'The owners are laughing all the way to the bank'
The takeover by students of a Liverpool community is to be halted under a plan going before the Mayor Joe Anderson’s council cabinet on Friday.
A proposed new order will prevent houses in the Dales area off Smithdown Road being converted into houses of multiple occupation (HMOs), mostly used by groups of students.
Property owners can rake in around £80 a week from each student, generating around £2,000 a month in six are sharing, and with some HMOs housing 10 students the rewards are even higher.
they are charging each student around £80 a week... but in some properties there are 10 or more occupants
There are 1,800 houses within the Dales, between the main West Coast Line, Wellington Road and Gainsborough Road, with four out of every 10 houses in multiple occupation, most of them student homes.
The move follows a growing number of complaints from residents who have seen hundreds of terraced houses converted for shared use. Under the new plan owners of properties would have to seek planning permission to switch family homes into HMOs.
Currently if a HMO property is earmarked for six or fewer occupants, planning consent is not needed.
A report to the cabinet spells out the impact of life in the Dales for families sharing their community with hundreds of students.
The report says the area has been identified as having an above average numbers of HMOs and which was experiencing a number of adverse impacts.
Between April 2015 and October 2017 there were 275 complaints to the council’s Noise team from residents of the Dales, and 360 incidents of anti-social behaviour reported to the police.
The report says: “Analysis of this evidence confirms that the number of these incidences as a proportion of the number of dwellings in the Dales, is considerably higher than the city average.”
It adds that making what is known as an Article 4 Direction will begin the process of extending planning control over changes of use from dwelling houses to HMO.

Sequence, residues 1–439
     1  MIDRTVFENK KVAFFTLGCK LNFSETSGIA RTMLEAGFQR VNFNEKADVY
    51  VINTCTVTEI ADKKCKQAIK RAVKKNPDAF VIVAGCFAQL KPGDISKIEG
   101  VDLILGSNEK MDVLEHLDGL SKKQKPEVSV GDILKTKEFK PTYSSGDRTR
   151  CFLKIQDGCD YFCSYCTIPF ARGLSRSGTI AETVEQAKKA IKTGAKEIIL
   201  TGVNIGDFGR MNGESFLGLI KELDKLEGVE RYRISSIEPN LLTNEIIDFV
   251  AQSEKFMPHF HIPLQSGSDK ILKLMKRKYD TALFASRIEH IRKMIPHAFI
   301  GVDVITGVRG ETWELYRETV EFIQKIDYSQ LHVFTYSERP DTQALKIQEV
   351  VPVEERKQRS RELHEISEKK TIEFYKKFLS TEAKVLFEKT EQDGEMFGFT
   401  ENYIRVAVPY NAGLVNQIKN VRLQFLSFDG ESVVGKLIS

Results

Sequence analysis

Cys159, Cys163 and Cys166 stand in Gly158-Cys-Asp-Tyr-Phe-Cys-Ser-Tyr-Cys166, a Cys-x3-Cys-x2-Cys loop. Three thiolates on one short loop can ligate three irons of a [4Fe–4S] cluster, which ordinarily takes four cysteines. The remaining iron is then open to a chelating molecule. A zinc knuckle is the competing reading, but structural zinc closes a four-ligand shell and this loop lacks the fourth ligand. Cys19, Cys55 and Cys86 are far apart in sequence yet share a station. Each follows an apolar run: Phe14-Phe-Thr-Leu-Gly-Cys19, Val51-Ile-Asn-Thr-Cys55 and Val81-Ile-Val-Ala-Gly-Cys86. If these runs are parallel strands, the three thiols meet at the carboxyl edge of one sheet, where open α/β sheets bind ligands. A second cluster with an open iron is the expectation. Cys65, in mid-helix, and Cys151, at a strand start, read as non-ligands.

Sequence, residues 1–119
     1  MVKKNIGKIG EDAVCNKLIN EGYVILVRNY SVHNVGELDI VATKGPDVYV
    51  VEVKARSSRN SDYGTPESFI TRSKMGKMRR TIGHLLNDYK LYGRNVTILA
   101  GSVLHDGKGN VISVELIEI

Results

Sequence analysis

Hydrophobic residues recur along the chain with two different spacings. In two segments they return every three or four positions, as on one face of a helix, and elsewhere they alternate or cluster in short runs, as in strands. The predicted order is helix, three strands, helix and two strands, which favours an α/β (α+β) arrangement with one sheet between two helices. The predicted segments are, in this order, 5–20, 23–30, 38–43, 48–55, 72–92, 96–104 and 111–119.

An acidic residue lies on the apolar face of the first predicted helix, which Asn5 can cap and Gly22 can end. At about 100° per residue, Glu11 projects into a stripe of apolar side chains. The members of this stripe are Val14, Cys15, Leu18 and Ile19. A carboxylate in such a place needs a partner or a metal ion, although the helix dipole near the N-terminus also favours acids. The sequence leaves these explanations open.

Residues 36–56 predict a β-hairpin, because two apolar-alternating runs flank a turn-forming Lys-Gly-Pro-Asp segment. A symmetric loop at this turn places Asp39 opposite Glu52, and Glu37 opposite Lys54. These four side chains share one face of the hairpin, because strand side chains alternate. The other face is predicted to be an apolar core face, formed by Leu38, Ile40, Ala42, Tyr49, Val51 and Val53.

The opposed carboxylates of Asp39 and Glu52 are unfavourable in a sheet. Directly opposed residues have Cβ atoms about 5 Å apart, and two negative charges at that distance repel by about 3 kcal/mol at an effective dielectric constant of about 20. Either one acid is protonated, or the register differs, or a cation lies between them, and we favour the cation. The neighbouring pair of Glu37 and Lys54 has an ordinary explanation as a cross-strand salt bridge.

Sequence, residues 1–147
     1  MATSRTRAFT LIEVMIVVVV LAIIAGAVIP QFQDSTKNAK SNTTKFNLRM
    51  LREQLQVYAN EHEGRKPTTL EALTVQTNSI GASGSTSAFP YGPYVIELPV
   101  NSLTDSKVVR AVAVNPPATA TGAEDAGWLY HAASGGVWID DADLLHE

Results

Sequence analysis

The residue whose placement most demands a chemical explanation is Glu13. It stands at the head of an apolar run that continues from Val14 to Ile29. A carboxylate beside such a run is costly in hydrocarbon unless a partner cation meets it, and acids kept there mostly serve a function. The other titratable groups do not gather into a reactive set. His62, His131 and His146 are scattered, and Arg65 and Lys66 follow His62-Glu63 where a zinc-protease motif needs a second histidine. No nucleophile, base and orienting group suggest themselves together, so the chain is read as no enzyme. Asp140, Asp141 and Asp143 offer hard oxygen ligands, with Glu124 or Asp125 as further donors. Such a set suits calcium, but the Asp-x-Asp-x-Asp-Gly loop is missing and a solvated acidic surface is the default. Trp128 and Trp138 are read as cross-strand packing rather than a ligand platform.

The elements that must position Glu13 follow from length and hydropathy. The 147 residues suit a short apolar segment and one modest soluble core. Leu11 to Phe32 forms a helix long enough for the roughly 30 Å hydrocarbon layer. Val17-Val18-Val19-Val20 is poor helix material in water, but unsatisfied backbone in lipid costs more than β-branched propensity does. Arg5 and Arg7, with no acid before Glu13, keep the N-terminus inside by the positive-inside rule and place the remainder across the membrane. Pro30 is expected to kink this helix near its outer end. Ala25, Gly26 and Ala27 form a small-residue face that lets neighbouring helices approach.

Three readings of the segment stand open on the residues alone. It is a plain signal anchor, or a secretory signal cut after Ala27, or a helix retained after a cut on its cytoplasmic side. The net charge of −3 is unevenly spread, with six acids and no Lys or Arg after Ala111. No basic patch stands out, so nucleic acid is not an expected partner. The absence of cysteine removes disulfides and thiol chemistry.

“It will allow the Local Planning Authority to limit the further spread of HMO and mitigate any further adverse impact,” adds the report.
The city council has estimated that the 50,000 students studying at the city’s universities contribute around £300m a year every year to Liverpool’s economy.
High rise student flats dominate the city skyline, but away from city-centre living, many students migrate to cheaper and more affordable properties in areas like the Dales.
It might be good for the corner shops, but overwhelming for established communities.
Cllr Laura Robertson-Collins, chair of the council’s Neighbourhood Select Committee, said: “It’s great that so many students come to study in our area, but the Dales has reached saturation point and we need to do something. The area is vibrant and diverse, but it can also be messy and noisy. We have an area where half of the population are 20-somethings. This action will enable us to have more control on the number of HMOs in the area.
“Students do not have to pay council tax, which means the council has to cover the cost of facilities, such as emptying the bins. As a council we have tried to get the government to take action. I see the conversion of houses into HMOs as a business, and the owners should pay a business tax. At the moment they are charging each student around £80 a week. That covers gas and electricity, etc, but in some properties there are 10 or more occupants. The owners are laughing all the way to the bank. Often they live in quieter areas so they don’t have to put up with the impact HMOs have on a community.
“People in the Dales are most tolerant and accept that students will have the occasional party, but if you have a street of 20 houses and 12 of them are HMOs it can go a little crazy.
“As Labour councillors we regularly speak to students and student reps. But in this area it is the volume of students that can cause problems. We want the government to change the law so that owners of HMOs can be charged.”